All three panelists, as well as the moderator, agreed that Pontiac has an image problem. Since coming out from under emergency management, the downtown is looking better, vacancy rates are falling, and the city is safe, but the public at large doesn't perceive it that way.
 
"Pontiac is the safest city in Oakland County in terms of crime per capita and has been for the last eight years," Konopaskie says.
 
Coupled with the image problem is an identity crisis. Hillman says the city needs to do a better job of picking a focus and branding itself.
 
"There are a million things the town can be, and I have advocated specifically that business leaders and government at whatever level pick an identity and focus for the area," Hillman says. She suggested that technology and the arts could create a strong synergistic identity for the city, one that makes it feel "funky and cool."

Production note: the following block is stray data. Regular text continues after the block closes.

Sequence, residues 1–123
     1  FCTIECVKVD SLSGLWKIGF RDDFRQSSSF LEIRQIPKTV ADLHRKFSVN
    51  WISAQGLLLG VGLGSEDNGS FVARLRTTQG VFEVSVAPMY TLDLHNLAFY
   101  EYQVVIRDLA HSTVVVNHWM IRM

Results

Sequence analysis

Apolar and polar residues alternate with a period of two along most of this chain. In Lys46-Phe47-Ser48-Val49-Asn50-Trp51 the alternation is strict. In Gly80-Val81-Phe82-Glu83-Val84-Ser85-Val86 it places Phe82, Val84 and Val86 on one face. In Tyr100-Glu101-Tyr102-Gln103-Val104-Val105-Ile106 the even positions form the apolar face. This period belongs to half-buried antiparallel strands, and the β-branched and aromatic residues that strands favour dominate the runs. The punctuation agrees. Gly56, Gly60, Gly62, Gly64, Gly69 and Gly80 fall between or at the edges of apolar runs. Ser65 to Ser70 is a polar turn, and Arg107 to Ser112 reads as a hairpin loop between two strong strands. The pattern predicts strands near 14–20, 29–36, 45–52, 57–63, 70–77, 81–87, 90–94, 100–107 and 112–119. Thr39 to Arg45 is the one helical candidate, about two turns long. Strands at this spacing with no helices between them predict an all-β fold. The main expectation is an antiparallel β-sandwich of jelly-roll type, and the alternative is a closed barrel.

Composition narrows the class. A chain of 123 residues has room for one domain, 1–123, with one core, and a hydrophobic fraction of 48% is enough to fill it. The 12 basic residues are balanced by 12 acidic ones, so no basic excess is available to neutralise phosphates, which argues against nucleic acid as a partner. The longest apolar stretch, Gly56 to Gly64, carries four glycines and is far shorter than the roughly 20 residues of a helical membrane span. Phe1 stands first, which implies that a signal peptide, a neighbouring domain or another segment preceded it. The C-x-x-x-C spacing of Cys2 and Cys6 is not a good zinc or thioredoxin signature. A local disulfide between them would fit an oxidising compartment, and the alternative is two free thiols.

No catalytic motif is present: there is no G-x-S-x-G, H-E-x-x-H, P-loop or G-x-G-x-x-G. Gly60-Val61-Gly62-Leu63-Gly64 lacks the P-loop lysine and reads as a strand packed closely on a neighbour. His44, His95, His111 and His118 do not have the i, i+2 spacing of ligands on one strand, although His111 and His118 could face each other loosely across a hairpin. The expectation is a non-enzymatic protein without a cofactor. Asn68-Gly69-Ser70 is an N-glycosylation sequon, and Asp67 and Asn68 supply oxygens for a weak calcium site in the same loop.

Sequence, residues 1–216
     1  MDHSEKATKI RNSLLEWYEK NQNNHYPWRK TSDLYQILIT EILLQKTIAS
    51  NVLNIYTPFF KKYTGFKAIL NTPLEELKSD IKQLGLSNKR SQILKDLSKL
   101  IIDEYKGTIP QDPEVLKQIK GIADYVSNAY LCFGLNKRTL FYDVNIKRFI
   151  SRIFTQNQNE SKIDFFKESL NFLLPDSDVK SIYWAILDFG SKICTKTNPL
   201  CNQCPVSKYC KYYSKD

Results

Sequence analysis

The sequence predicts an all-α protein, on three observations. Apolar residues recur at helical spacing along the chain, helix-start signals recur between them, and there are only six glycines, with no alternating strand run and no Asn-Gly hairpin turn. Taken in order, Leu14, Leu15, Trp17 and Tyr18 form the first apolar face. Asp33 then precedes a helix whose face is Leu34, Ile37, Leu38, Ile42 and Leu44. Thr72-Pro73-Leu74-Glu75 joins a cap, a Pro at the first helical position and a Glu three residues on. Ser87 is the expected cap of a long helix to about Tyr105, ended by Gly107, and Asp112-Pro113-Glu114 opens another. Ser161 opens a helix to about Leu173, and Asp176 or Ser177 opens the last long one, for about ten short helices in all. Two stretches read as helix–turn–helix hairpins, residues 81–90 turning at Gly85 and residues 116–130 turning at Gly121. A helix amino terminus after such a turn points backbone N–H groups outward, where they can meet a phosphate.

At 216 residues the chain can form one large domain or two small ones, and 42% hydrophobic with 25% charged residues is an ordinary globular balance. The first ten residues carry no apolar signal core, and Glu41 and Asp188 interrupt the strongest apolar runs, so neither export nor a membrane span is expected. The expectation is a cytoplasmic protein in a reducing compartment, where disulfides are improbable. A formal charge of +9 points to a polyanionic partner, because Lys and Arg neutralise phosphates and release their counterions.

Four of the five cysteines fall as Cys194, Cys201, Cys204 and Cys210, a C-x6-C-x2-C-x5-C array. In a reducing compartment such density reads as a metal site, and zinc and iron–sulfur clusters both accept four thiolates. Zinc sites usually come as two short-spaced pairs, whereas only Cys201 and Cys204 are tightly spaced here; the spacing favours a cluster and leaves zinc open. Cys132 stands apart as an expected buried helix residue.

Russell agreed that the combination of tech and art make Pontiac a cool place, along with its beautiful historic buildings.
 
"I think we could build around those two anchors, bring different vibes in, a youthful, creative energy," Russell says. Russell added that he has used photos of the Riker building where his business is located to draw in talent and show off what downtown Pontiac has to offer.
 
"We can use that as a recruiting engine, and bring in people who want to live here," he says.
 
Location is one of Pontiac's strongest assets.
 
Konopaskie says that Pontiac is exactly the place where a "small company can make a big splash" in a way they couldn't in a bigger city like Detroit.